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Fargo-Moorhead area enjoyed growth in 2017, mayors say in annual 'State of the Cities' address

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Mayors Chad Olson, Del Rae Williams, Tim Mahoney and Rich Mattern share a laugh during the State of the Cities event at the Fargo Holiday Inn on Thursday, Jan. 11, 2018.David Samson / The Forum2 / 2

FARGO – The state of Fargo-Moorhead is pretty great, mayors of the four largest metro cities reported in their annual State of the Cities address Thursday morning, Jan. 11.

Dilworth Mayor Chad Olson and Moorhead Mayor Del Rae Williams boasted of new businesses and new homes.

Fargo Mayor Tim Mahoney and West Fargo Mayor Tim Mattern highlighted continued excellence in their city’s services, especially increasing efficiency by sharing services such as Fargo’s treatment of water and sewage for West Fargo.

The event, held at the Fargo Holiday Inn, was organized by the Chamber of Commerce.

The top concern for the audience of mostly business officials wasn’t anything the cities had direct control over. Using text messaging for polling, the Chamber found that 39 percent believed the most pressing issue is a lack of enough workers followed by permanent flood control at 30 percent. Fifteen percent said their top concern was taxes.

A supermajority, 71 percent, believe the tax incentives cities have given out to encourage growth have been effective.

In Dilworth, Olson reported new businesses such as Aldi and Kool Kone and expanding businesses such as Serenity Assisted Living and Burlington Northern Santa Fe in 2017. A shortage of lots earlier in the year stymied housing growth but developers have stepped up to the plate and made more than 100 lots available and he expects more growth this year, he said.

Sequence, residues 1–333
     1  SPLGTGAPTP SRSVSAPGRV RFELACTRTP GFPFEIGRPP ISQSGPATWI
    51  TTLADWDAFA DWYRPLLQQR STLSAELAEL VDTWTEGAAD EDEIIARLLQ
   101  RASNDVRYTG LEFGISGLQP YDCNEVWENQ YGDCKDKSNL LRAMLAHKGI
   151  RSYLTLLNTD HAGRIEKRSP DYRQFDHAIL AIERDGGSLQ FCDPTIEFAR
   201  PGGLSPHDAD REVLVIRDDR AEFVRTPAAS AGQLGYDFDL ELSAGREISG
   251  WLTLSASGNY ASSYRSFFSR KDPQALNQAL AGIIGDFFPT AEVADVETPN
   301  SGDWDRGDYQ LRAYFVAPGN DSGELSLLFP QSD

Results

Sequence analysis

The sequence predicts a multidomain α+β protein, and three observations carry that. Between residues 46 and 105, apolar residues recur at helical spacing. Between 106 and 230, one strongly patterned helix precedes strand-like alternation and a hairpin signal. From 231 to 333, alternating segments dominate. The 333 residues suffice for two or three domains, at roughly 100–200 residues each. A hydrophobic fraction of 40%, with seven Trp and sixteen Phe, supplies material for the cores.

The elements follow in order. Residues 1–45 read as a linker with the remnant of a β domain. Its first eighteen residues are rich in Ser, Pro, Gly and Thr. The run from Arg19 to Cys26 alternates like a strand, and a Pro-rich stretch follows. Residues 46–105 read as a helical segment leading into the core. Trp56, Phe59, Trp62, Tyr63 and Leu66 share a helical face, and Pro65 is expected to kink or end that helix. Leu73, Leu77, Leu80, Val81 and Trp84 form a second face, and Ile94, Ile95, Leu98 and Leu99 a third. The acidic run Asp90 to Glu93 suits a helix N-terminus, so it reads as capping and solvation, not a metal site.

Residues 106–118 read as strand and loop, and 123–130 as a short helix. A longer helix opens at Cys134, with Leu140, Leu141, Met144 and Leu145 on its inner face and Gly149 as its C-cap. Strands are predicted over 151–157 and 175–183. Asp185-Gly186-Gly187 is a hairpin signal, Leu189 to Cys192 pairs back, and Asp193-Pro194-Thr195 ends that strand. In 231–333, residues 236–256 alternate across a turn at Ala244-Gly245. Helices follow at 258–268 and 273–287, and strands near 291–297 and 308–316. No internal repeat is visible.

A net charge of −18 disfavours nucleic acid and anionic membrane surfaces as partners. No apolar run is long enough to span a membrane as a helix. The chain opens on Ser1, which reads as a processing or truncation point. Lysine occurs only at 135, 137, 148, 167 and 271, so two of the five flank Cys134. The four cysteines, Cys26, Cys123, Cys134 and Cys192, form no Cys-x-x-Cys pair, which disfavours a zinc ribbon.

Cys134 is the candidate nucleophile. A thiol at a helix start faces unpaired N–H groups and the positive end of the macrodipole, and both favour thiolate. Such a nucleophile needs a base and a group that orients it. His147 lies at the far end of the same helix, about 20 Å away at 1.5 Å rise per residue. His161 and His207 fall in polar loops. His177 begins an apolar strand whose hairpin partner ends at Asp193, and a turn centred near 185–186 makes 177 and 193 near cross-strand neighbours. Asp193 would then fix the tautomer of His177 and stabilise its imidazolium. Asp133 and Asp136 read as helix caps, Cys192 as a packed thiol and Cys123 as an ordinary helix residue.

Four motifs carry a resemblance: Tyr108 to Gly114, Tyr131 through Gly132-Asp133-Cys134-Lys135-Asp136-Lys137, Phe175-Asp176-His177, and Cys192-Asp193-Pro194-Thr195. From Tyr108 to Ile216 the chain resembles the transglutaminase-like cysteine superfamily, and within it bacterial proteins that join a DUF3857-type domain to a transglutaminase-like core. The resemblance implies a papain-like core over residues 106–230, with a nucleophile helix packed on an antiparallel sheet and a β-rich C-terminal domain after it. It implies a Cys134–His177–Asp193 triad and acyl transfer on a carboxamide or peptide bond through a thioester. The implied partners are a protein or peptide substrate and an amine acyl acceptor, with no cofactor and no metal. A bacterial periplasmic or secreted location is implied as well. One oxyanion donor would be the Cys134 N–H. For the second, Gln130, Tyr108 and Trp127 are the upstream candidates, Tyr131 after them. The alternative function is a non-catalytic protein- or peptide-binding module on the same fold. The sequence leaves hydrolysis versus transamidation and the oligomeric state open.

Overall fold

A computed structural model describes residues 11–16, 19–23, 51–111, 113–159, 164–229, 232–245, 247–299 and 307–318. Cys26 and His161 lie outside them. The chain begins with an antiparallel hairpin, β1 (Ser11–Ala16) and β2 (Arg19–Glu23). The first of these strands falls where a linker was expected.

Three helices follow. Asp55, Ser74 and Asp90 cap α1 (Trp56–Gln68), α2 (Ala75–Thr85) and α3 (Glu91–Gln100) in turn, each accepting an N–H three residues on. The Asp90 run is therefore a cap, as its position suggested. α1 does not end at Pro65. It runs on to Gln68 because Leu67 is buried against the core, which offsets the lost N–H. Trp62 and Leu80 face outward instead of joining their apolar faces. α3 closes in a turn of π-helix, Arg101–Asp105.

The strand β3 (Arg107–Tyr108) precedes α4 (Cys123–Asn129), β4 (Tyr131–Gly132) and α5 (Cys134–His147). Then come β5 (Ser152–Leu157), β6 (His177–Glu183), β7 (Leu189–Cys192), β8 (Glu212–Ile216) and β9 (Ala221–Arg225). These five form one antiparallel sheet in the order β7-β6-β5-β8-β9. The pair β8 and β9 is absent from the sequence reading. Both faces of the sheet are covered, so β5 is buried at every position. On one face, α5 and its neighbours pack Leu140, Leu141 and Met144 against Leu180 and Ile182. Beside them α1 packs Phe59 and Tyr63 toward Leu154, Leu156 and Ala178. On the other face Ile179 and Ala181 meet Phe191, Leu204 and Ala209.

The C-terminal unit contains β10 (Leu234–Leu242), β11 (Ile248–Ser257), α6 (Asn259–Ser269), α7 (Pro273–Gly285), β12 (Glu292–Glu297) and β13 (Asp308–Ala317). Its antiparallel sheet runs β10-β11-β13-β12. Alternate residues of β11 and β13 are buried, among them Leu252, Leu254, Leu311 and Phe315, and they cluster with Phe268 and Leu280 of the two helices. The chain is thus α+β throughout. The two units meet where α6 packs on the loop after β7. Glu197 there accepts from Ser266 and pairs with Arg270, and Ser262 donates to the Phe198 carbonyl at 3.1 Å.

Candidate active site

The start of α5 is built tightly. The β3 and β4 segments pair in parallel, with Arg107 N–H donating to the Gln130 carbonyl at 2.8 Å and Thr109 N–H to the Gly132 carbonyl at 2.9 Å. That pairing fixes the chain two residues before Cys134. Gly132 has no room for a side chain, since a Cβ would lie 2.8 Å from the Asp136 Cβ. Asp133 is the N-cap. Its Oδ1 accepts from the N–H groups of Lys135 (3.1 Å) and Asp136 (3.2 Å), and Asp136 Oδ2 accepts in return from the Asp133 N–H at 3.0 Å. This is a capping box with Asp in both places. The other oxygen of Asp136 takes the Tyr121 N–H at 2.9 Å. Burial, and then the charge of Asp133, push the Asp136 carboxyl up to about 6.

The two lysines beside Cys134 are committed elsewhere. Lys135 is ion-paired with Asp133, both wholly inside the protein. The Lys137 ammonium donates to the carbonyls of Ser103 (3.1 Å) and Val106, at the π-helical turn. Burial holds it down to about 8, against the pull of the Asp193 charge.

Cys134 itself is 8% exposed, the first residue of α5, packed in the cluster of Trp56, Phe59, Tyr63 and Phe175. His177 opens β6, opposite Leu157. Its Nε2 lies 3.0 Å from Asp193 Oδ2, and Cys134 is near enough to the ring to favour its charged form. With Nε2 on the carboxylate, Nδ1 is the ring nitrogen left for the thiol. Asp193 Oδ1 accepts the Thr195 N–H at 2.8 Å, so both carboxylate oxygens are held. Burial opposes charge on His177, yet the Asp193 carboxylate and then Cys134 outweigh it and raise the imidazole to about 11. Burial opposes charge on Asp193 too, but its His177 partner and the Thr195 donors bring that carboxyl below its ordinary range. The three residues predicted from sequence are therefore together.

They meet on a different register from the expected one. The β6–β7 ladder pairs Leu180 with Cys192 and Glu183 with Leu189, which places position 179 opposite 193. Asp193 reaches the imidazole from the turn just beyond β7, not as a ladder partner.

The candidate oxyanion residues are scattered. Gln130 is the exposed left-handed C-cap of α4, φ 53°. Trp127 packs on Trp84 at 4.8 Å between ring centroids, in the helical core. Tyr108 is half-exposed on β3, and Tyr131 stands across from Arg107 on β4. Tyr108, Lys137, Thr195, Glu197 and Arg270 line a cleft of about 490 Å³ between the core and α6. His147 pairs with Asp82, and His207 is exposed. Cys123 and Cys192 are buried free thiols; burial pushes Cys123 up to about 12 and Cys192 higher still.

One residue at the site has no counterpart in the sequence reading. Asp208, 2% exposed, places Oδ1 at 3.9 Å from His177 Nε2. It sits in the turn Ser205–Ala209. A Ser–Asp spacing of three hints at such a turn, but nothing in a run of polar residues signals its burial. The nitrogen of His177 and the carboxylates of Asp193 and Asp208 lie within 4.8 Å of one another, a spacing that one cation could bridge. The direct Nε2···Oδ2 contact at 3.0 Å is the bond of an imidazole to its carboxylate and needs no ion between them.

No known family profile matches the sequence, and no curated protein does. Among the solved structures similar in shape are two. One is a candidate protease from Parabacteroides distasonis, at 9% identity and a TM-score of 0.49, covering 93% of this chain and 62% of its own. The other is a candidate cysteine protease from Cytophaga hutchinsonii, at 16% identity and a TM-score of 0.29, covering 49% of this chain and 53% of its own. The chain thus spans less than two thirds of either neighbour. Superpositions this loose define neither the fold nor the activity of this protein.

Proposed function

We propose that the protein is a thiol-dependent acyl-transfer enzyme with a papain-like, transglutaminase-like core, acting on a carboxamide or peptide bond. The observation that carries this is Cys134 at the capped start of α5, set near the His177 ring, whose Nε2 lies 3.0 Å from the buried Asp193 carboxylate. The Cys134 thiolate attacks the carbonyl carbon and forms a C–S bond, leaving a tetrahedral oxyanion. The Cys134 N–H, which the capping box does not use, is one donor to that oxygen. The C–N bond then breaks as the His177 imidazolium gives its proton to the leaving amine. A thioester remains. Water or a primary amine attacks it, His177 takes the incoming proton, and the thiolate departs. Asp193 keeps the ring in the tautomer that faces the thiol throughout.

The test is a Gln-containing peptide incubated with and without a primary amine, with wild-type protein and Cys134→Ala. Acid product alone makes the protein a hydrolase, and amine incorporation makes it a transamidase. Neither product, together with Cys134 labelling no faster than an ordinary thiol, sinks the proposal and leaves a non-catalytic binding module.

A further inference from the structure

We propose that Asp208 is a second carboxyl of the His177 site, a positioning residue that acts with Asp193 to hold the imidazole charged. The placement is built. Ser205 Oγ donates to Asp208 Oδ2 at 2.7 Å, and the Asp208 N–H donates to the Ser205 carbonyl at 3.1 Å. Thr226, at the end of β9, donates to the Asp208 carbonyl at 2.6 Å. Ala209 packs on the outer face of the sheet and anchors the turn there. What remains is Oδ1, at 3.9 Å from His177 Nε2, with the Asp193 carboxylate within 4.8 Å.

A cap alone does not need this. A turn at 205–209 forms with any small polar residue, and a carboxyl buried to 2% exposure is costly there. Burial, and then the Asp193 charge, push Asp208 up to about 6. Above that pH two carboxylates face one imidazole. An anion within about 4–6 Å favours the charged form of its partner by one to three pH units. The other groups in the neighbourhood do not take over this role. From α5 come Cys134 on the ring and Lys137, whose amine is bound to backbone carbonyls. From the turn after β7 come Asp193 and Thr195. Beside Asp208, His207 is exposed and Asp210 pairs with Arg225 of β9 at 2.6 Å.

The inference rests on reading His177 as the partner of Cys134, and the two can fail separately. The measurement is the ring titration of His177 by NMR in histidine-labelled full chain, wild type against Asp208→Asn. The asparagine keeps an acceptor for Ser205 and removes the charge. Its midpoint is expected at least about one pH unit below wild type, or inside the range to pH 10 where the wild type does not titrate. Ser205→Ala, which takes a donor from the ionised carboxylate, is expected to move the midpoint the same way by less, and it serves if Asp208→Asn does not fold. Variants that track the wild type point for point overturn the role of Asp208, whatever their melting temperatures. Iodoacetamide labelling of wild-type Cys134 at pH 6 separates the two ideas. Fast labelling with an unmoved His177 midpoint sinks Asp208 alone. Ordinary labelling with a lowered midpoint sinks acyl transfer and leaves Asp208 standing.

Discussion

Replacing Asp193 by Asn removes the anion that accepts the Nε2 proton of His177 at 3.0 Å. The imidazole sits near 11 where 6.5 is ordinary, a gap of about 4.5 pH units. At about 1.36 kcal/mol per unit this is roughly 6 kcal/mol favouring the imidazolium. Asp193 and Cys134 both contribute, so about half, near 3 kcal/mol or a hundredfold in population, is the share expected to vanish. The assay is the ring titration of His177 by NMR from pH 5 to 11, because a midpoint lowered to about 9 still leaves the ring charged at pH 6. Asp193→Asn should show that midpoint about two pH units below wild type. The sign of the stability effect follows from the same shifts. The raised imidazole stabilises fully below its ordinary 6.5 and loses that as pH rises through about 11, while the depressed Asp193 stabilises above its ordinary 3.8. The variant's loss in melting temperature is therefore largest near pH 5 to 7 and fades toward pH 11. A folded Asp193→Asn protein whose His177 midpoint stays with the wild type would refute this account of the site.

In lieu of speeches, the other three mayors showed professionally produced videos.

In Moorhead, the video highlighted what’s happened in the last four years while Williams was in office. She won’t run again and said she’s been thinking about lasts such as this being her last State of the Cities address as mayor.

The video showed vivid scenes from Moorhead and highlighted the population growing from 41,000 to 45,000 with new homes built and new students in area schools. It talked about new city services, such as no-sort recycling, and new infrastructure, such as new trails along the Red River.

In Fargo, the video highlighted city services, such as snow removal and one-sort recycling, and new facilities, such as the new City Hall and water treatment plant expansion, both expected to be done in 2018. Mahoney, who starred in the video, name checked every city commissioner to highlight their contributions and, to the audience’s amusement, performed a short rap about his commission.

In West Fargo, the video highlighted road upgrades, signing sewage and water deals with Fargo, new schools, shifting to a mixed volunteer and professional fire department, and new mixed-use commercial and residential developments along Sheyenne Street and Veterans Boulevard.

The mayors did address taxes, explaining how they try to reduce the property tax bill for their property owners.

Mahoney and Williams said economic growth helps reduce the pressure with new taxpayers added to the tax roll. Mahoney said Fargo has succeeded in getting enough business growth to have a majority of property taxes paid by commercial properties instead of residential properties as before.

Olson said Dilworth has saved money by buying sewage and water from Moorhead rather than owning its own treatment plants and have done so for 15 years, long before West Fargo’s 2017 deal with Fargo.

Mattern said his City Commission has worked hard to balance costs with the demand for services.

“Do you want snow plows out today or not?” he asked as a blizzard swirled outside.


Three of four mayors who presented at the State of the Cities address Thursday, Jan. 11, delivered their remarks through previously recorded videos.



West Fargo